It would be uncharacteristic of China to respond to a Russian request for weapons with an outright “no,” complicating interpretations of Beijing’s intentions, according to a European intelligence official with knowledge of the U.S. assessment. That official said it would make little sense for China to provide significant weaponry.
But U.S. officials currently don’t know China’s true intentions toward Russia and Ukraine, according to diplomatic correspondence seen by Bloomberg. China could regard the war as an opportunity to exploit Russia’s growing economic dependence, such as by buying up strategic assets or making other efforts to damage the West’s leverage. Beijing’s position is ambiguous and contradictory, and recent exchanges with U.S. officials — including Yang’s Rome meeting with Sullivan — have produced little clarity, according to the correspondence.
The Biden administration has also warned Chinese firms not to try to get around Russian trade restrictions the U.S. has imposed on key technologies. Still, it’s not clear exactly what type of China-Russia economic activity would prompt the U.S. to impose sanctions on Beijing.
China also represents a potential financial lifeline for Russia’s government and its banks — many of which now operate under Western sanctions, virtually cutting them off from the dollar. After Visa Inc. and Mastercard Inc. suspended operations in the country, some Russian lenders sought to use China’s UnionPay system, which could allow for continued overseas payments.
Biden’s aides have long said that in general, the best way to clear up U.S. confusion about China’s intentions is for Biden and Xi to speak directly. China has its own strategic priorities, including keeping its domestic economy stable ahead of the Communist Party Congress later this year.
The relationship between the world’s two economic titans is fraught, and the Ukraine crisis has highlighted the mistrust between them. The U.S. and China now find themselves drawn into a conflict provoked by a country, Russia, that once was so close to the Western world as to host the Group of Eight, but that has for years been drifting into Beijing’s orbit.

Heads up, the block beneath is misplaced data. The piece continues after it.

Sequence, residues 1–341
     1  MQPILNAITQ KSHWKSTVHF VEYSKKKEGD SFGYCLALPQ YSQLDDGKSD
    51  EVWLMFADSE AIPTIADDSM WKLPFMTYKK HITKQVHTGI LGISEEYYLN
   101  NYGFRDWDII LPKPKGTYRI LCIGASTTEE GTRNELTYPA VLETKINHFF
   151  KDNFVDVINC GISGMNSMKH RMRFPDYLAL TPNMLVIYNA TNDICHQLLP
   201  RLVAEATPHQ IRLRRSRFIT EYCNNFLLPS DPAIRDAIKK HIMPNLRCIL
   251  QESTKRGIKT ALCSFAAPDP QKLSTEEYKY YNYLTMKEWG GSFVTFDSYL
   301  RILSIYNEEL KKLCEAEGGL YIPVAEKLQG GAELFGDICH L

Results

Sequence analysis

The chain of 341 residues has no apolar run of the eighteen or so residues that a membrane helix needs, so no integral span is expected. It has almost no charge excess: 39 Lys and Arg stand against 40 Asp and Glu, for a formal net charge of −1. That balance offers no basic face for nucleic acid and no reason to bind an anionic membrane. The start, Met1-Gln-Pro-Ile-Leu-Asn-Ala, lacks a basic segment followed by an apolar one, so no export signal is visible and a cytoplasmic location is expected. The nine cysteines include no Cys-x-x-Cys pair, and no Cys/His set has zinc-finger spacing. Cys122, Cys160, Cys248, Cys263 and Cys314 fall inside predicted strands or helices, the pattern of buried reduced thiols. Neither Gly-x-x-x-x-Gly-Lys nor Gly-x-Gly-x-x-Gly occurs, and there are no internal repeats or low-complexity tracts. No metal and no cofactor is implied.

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China’s role in spreading the Russian disinformation on Ukrainian biolabs, plus unspecified intelligence that Beijing is weighing Moscow’s request for arms, has helped tilt the internal administration debate toward the position of officials at Sullivan’s National Security Council, who have favored a more hawkish approach toward Beijing. China is currently undergoing its worst Covid outbreak since the initial outbreak of the pandemic, and has an incentive to point the finger after the U.S. sought a probe on the origins of Covid-19 — including whether it leaked out of a laboratory in Wuhan.
Officials at the State Department had previously seen more opportunity to split Beijing and Moscow over the war, arguing that Beijing’s equivocal statements on the crisis pointed to discomfort at Moscow’s actions. Sullivan publicly speculated in a CNN interview on Sunday that Putin “lied” to China’s leaders and they may not have understood the full extent of his plans in Ukraine.
The Biden administration’s high-level engagement with Beijing has been limited. An early meeting in Anchorage, Alaska, started with Yang — China’s top diplomat — lecturing Sullivan and other American officials over what he said were human rights violations in the U.S., as well as rejecting “interference” on Beijing’s claims to Taiwan. China sailed an aircraft carrier Friday through the Taiwan Strait shadowed by U.S. and Taiwanese warships, Reuters reported, a fairly regular occurrence that nonetheless shows the simmering tensions ahead of the Biden-Xi call.
Biden and Xi last spoke in November, when they met virtually for nearly four hours — a videoconference that officials said covered the breadth of issues between the countries but resulted in no real breakthroughs.
The White House has yet to articulate a promised strategy toward China and has put on hold a number of economic actions it planned to take against Beijing, in part due to the ongoing crisis in Ukraine, according to people familiar with internal deliberations.
— With assistance by Josh Wingrove, Jennifer Epstein, and Justin Sink